Five Steps to a Flexitarian Diet

Five Baby Steps to a Plant-Based Diet

Have you thought about going vegetarian or vegan, but you can’t imagine giving up bacon cheeseburgers? I completely get it; for me, the idea of life without cheesesteak subs and chicken quesadillas is pretty bleak. But I keep trying to evolve to a plant-based diet, for three reasons: I know it’s better for my health, kinder to our animal friends, and better for the environment. But it’s super tough to go cold turkey (or cold Tofurkey, as the case may be!), primarily if you were raised on meat and potatoes like I was.

I’m still not 100% there, but I am slowly becoming Flexitarian (meaning I eat plant-based most of the time, but not always). The Flexitarian Diet, which originated with the book by Dawn Jackson Blatner, is right up my alley – you get the health benefits of a vegetarian diet with some wiggle-room for the occasional burger. If you know me, you know I’m not an all-or-nothing kind of gal; wiggle-room is essential for my well-being.

 Here is how I started making the change:

It’s a mindset

I’m just here to tell you, nothing tastes like real bacon, so lower your expectations when trying substitutes. That’s not to say there aren’t some plant-based meat substitutes that taste pretty good in their own right, but it will be easier to enjoy them if you aren’t comparing them to the real thing. Tell yourself that you are trying something NEW – pretend you’re in a foreign country and trying a dish you’ve never heard of before. Then you can decide if it’s something you like or not.

Don’t get hung up on protein

Ask any vegan or vegetarian – the number one question people ask is, “but how do you get protein?” Many foods besides meat have protein in them, and if you are eating the right stuff in the right combinations, you’ll get plenty. Of course, there are soy products (soy milk, tofu, and edamame), and lentils and beans. But green peas also have tons of protein. Quinoa, oats, wild rice, and nuts do too. And vegetables like broccoli, spinach, asparagus, and Brussels sprouts all contain small amounts of protein and can add to your daily intake.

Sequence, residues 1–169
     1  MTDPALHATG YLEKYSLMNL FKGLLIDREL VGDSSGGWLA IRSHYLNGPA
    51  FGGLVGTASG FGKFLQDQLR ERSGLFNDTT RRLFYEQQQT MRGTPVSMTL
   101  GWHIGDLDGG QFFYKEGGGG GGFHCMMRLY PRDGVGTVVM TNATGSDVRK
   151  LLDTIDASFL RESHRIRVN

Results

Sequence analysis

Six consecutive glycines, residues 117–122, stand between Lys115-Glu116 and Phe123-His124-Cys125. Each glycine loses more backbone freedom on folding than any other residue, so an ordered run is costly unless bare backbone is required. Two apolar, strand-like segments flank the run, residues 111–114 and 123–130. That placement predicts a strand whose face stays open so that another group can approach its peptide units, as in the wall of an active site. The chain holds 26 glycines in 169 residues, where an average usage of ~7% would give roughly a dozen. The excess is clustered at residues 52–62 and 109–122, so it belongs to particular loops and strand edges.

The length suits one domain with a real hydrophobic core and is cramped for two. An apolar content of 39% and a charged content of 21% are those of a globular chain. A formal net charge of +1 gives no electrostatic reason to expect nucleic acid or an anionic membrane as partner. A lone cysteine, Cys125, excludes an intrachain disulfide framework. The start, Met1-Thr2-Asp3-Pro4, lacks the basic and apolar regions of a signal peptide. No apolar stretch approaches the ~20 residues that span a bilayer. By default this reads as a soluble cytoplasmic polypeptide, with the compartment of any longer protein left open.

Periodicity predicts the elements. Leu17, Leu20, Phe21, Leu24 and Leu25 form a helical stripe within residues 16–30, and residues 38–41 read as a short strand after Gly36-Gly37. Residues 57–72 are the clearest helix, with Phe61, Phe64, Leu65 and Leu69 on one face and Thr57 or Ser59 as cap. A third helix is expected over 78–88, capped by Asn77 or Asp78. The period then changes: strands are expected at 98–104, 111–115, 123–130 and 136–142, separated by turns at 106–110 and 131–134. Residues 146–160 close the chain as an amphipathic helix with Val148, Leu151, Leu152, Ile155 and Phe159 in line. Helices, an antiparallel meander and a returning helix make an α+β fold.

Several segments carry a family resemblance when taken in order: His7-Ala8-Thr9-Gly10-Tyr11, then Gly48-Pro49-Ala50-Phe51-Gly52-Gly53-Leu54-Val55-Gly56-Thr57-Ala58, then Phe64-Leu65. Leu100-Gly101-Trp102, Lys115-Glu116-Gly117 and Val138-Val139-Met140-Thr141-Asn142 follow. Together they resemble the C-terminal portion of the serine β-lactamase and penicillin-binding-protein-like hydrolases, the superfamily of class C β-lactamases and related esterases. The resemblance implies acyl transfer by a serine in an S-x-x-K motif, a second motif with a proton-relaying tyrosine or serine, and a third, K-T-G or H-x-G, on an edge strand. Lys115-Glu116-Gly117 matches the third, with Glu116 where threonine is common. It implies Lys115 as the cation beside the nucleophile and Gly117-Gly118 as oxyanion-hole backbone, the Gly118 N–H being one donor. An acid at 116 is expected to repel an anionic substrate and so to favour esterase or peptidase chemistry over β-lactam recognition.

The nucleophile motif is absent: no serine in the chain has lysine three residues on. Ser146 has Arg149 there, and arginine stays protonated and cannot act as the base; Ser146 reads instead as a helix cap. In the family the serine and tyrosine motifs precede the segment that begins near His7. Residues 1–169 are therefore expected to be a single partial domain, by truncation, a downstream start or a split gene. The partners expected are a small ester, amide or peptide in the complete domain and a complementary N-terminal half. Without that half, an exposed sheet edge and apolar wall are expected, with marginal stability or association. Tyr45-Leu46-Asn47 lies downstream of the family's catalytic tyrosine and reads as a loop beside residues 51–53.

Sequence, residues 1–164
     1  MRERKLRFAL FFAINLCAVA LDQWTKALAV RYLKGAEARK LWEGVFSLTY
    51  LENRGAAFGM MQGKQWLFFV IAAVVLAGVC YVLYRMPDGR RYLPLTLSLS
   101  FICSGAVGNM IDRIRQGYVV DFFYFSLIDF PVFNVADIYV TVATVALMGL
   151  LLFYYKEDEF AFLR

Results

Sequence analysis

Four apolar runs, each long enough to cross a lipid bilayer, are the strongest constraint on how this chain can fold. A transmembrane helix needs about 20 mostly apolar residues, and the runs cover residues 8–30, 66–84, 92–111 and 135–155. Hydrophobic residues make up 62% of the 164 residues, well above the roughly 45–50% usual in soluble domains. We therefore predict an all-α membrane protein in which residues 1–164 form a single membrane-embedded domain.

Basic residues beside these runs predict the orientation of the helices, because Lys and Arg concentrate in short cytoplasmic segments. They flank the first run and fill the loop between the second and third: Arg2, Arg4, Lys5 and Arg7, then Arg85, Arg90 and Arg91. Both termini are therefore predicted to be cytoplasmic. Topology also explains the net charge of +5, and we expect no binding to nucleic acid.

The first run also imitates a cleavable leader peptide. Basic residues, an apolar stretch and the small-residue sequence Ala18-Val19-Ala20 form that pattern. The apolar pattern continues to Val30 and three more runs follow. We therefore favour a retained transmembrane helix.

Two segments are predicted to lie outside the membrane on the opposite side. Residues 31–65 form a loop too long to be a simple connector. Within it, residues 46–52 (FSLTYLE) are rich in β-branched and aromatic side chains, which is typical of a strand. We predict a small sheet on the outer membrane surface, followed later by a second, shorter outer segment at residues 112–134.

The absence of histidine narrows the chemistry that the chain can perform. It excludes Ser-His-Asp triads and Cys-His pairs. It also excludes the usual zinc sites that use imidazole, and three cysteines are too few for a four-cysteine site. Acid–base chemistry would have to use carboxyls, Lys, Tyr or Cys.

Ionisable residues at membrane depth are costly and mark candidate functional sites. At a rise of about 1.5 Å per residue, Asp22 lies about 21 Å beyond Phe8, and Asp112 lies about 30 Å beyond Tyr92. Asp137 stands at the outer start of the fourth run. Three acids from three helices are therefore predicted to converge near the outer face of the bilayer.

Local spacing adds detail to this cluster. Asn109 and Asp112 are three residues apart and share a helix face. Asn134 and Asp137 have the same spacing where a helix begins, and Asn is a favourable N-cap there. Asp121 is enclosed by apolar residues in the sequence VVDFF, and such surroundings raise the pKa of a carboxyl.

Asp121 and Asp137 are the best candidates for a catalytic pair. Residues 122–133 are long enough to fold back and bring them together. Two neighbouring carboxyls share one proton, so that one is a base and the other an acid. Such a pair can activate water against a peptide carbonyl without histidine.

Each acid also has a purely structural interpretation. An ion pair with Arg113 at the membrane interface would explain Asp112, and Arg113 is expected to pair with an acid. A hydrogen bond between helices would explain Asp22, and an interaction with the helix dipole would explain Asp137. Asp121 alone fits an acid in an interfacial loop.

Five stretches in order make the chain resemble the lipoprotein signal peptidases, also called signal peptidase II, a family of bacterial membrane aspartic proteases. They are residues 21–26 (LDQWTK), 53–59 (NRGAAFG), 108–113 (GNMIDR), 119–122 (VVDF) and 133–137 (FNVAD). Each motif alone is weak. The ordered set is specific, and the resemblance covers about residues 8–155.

Make one small swap at a time

Rather than filling up your grocery cart with a bunch of exotic ingredients on the first day, start with simple adjustments. You could swap soy or almond milk for cow’s milk, or try using vegetable broth instead of chicken broth in recipes.

Meatless Mondays are your friend

It takes time to build up a collection of plant-based recipes; one day a week is enough of a challenge for most people. I suggest a hearty vegan chili or some meatless vegetable soup as a starter. My first experiment was this Vegetarian Chili, and it’s still one of my favorites! You can also make it vegan by skipping the sour cream.

It’s okay to go easy on the tofu

If the idea of tofu makes you squeamish, stick to rice and beans for a while. Tofu is bean curd. It took me a LONG time to get my mind around that. It’s not that I don’t like beans, but I couldn’t figure out where the curd part came from. It kind of gave me the willies, to be honest. I eat it now, but for a long time, I just increased my veggies and kept my beans in their more traditional format.

Every little bit counts!

Above all, don’t aim for perfection, and celebrate the small victories! Every meal that you make plant-based is a win – for your health, for animals, and for the earth.

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@newmoonworks

Food for thought, served up just for you a few times each week!

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